Nov 28, 2016

Video Arcades.. a 1980s escape for kids

by Darrin Vindiola

I was quite surprised to see my fifteen year old jump for joy yesterday because she had found five dollars in her pocket.  This of course was the perfect segue for me to tell her exactly what five dollars could get you back in 1982.

I explained that in the Regan era.. five dollars could buy me four hamburgers, a Big Gulp, and a few hours at the video arcade.  To help drive my lesson on inflation home.. my bride who was listening in at the time, threw in her two cents by telling my daughter, "Wow! Daddy is really old".

Where have all the arcades gone?

The home video game market has all but killed video arcades. Sure there were home video game systems back in the early 80's, but the graphics and sound couldn't hold a candle to what the giant CPU's inside of the old standup arcade games produced.  I saw the decline of video arcades coming a long time ago when I bought my first 8-bit Nintendo Entertainment System in the late 80's.  My friends and I immediately started spending more time in front of the TV, having video game tournaments for hours on end.

I can't begin to count how many quarters I pumped into video games as a kid.  Seeing as twenty five cents was still a decent amount of money in the early eighties, there was plenty of motivation to improve your game play skills, in turn squeezing as much play time as you possibly could from every game.  Heck.. I used to be able to play Donkey Kong and Mario Brothers for about forty minutes on one quarter, and I was by no means the best player around.

indeed it was

Most arcades had a certain feel to them, and anyone who was a kid in the 80's knows what I'm talking about.  Upon crossing the arcade threshold, your senses were immediately bombarded with a multitude of sights and sounds.   I can still hear the "wakka wakka wakka" blaring from the Pac Man game, the sound of pinball machine bells and bumpers going wild, and the reverberation of skee balls infinitely rolling towards their targets.  Within a few minutes, the sounds slowly sorted themselves out one by one, until you were immersed in a cornucopia of harmonious intonation.  

Air conditioning was a must to prolong the life of the video games, so the air temperature of most arcades was very comfortable.  They were also usually dimly lit so as to reduce glare on the video game screens.  Most of the arcades I visited were kept very tidy, and were always clean smelling.  Arcades if designed properly, reeled you in and made you want to stay until your pockets were empty.

The very best arcades could facilitate the needs of the average kid for most of the day, as many had snack bars or concession stands.  One such arcade that was a hangout of my friends and I for most of the 80's, was a joint called "W.C. Franks" in my hometown of Fort Collins, Colorado.  One side of the establishment housed a kitchen that sold nachos, hot dogs, chips, etc., and an eating area with a jukebox that was always filled with the latest music.  The other side of the room was dedicated entirely to video games and pinball machines.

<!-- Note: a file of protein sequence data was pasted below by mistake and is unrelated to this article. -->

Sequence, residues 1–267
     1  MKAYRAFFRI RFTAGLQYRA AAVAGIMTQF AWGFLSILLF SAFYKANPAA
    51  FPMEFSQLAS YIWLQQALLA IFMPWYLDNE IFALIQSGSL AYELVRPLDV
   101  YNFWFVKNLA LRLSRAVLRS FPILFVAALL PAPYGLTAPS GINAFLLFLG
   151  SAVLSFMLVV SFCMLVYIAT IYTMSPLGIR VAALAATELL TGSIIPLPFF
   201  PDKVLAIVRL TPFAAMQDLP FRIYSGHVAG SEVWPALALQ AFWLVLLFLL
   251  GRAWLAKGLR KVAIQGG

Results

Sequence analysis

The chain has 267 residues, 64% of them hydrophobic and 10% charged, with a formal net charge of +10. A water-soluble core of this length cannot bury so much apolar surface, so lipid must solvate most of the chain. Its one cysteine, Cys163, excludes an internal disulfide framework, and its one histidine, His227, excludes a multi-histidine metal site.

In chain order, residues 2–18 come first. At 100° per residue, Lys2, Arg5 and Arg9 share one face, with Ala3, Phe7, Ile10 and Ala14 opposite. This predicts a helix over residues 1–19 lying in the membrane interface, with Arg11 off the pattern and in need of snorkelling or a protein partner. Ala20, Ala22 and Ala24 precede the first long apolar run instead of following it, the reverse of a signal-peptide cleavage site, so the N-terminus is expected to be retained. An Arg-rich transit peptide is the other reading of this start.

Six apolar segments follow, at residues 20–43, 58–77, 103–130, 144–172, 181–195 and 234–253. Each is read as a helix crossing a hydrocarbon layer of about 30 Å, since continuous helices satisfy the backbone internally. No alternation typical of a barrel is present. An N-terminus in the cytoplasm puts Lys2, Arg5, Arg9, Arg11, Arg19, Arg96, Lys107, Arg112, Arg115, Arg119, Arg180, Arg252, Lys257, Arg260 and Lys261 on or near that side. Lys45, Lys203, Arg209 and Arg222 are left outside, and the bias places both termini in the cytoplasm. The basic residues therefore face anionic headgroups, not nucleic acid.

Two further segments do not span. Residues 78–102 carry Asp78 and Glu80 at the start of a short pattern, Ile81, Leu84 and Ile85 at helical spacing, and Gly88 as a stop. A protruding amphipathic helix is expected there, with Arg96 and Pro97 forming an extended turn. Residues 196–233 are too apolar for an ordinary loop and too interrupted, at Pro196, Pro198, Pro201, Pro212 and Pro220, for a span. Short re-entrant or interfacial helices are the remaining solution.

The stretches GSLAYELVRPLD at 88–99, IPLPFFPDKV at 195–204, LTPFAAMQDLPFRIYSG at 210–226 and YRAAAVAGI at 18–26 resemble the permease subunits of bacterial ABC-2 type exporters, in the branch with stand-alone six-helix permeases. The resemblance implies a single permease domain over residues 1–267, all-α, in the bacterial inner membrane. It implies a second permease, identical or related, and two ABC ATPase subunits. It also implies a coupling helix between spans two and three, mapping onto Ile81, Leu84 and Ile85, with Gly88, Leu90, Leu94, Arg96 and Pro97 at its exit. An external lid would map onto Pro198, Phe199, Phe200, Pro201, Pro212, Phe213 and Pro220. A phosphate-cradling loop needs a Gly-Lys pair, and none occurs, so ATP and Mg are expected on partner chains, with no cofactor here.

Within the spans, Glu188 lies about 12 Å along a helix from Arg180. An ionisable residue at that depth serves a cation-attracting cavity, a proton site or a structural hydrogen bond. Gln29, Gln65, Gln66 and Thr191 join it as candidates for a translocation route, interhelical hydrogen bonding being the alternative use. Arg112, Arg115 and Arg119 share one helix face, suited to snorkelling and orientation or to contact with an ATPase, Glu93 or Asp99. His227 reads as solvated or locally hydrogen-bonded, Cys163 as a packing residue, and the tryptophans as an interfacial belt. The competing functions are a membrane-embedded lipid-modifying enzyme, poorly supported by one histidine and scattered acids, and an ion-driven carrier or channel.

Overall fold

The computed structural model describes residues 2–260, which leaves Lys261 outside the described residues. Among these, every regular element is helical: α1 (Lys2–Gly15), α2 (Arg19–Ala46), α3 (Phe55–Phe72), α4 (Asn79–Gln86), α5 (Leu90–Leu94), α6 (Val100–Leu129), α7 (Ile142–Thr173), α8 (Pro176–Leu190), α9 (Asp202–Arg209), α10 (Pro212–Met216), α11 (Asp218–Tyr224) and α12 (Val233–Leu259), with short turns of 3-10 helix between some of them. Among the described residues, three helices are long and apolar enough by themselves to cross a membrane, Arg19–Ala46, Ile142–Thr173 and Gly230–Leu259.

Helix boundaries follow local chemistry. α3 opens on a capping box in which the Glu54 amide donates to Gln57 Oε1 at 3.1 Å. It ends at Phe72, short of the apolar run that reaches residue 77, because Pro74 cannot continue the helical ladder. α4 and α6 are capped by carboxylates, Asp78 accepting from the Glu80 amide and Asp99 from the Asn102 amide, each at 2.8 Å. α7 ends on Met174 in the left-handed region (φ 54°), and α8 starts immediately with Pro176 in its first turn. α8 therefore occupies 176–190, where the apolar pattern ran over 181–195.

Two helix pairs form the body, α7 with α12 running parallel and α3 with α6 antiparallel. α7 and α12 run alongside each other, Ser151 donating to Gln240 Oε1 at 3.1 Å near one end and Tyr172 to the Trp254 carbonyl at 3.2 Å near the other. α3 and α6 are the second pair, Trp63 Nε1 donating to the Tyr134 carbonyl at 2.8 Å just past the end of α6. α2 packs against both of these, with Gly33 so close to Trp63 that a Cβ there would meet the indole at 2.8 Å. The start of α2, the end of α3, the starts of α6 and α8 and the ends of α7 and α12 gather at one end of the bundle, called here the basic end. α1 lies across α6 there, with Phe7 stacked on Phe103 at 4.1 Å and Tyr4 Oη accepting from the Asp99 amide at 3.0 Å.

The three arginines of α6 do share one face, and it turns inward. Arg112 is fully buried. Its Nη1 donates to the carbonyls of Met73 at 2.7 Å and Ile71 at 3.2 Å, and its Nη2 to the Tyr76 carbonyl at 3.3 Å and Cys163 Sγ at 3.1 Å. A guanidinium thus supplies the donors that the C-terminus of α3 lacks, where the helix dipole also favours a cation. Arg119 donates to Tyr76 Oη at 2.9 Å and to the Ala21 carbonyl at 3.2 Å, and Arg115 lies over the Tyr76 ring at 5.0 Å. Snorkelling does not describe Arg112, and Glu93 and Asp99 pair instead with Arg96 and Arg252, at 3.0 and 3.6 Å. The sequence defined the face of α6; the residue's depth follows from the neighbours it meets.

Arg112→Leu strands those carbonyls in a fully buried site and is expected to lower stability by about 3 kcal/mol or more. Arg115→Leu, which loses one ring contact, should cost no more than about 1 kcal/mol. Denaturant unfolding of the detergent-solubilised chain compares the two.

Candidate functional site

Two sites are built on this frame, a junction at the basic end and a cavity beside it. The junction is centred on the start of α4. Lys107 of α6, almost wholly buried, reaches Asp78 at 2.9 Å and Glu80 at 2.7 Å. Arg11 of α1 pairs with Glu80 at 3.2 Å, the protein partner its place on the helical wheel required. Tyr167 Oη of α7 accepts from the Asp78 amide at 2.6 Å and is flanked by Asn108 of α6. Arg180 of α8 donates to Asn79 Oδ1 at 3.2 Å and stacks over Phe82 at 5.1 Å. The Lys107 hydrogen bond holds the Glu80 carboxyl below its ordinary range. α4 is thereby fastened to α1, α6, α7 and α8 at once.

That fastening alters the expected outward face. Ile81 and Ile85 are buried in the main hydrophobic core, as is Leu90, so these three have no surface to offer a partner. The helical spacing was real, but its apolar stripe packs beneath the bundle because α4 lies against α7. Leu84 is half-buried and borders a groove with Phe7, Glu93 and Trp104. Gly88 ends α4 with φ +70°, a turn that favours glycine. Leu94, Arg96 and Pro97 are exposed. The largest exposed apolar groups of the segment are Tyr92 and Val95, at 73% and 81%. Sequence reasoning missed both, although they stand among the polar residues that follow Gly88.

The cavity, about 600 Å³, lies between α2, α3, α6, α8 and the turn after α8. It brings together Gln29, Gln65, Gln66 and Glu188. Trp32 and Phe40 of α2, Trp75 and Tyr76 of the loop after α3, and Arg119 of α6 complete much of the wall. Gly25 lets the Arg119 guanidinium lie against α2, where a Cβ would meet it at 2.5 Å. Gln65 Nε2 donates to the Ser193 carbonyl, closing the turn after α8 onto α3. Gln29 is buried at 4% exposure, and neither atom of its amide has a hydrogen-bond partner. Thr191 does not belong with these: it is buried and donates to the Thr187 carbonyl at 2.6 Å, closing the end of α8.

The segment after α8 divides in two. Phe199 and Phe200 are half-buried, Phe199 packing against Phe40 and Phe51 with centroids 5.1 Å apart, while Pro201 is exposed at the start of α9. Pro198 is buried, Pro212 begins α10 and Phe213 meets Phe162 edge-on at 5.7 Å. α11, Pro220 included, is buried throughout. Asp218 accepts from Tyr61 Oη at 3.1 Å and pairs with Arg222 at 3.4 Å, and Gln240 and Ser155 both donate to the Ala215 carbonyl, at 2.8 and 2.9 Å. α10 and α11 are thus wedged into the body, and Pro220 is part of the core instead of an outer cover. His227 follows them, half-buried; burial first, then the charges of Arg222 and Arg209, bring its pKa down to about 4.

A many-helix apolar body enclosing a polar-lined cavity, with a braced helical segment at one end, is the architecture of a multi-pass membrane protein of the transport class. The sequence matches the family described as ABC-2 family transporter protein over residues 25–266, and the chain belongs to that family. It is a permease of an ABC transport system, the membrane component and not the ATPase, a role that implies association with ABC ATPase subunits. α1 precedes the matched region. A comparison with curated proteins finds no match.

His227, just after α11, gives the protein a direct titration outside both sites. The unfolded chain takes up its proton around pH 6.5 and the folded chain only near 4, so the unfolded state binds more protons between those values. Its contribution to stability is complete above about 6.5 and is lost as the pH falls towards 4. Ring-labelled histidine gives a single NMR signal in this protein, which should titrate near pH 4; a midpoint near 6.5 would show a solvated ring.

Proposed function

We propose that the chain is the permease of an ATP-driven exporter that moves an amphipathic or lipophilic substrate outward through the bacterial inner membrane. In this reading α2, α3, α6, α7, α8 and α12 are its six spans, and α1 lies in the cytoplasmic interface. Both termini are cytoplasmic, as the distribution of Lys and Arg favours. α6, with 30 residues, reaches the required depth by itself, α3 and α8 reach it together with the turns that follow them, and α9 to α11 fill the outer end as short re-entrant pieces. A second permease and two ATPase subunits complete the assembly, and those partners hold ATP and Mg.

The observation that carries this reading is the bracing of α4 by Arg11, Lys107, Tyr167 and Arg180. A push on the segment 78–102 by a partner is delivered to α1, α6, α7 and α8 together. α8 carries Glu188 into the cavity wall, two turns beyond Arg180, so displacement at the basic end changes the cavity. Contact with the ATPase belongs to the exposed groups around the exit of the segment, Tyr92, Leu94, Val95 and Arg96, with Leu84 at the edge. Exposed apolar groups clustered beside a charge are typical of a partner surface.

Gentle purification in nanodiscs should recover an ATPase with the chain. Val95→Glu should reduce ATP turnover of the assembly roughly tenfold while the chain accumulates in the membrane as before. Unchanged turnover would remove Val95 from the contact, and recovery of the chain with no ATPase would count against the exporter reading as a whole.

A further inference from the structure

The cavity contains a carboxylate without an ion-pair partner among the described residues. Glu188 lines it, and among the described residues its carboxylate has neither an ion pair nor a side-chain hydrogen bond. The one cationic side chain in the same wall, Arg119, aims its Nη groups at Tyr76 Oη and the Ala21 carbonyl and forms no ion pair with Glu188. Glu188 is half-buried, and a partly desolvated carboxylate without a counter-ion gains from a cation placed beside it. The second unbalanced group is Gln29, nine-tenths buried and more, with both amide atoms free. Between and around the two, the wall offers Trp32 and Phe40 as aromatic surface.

Many an afternoon and evening was spent at W.C. Franks with my buddies during our high school years.  I even took my wife there on one of our first dates.  I ordered us a couple of foot-long chili dogs, and some nachos with sliced pickled jalapenos.  It was the first time she had ever eaten jalapeno's, and she's been hooked on them ever since.  Vivid memories such as this one are jam packed in the recesses of my mind.

I love reminiscing about the recent (and not so recent) past.  In particular, memories about Americana and pop culture from my youth.  Things we experience during childhood and our younger years tend to make a bigger impression on us, because so much about life is new and exciting.  This helps to make for some sharp and detailed memories that stay with us for our entire lives.  That being said.. I feel bad for my kids sometimes.  I just don't see many parallels in this day and age to the prolific period of pop culture we experienced during the 70's and 80's. 

Am I getting so old and jaded that I can't see a wondrous and exciting period of pop culture going on right in front of me?   My 25 year old is already reminiscing about his childhood in the 90's, are my youngest kids going to be reminiscing about the 2010's in ten or fifteen years time?   Can playing video games online with friends while sitting on the couch possibly compare to what kids had in the 80's?  What do you think?  I'd love to hear your thoughts, memories, and comments on this topic.


  1. I used to hang out at WC Franks in Campus West. I'm FCHS class of '85. The peak for me for that place was summer 1983. It's been so long some of my memories blur with games at Panhandlers on the north side of West Elizabeth. But I'm sure WC Franks had USA vs USSR hockey, a non-video game with little plastic players. The music at the restaurant was U2, The Police, Def Leppard. Pretty good times.

    1. Whoah! I'm FCHS Class of '88! Those were the glory years of Campus West! Panhandlers, WC Franks, The Finest Record store. Gosh I miss those days. Sometimes if we got bored at WC Franks, we'd go around the corner and meet up with some of our headbangin' friends at Odyessy. Good times.

  2. I noticed you live in FL, have you been to the Arcade Museum in Daytona Beach? It's awesome!

    1. I have NOT!! Sounds like a road trip is in order. Thanks for the heads up!


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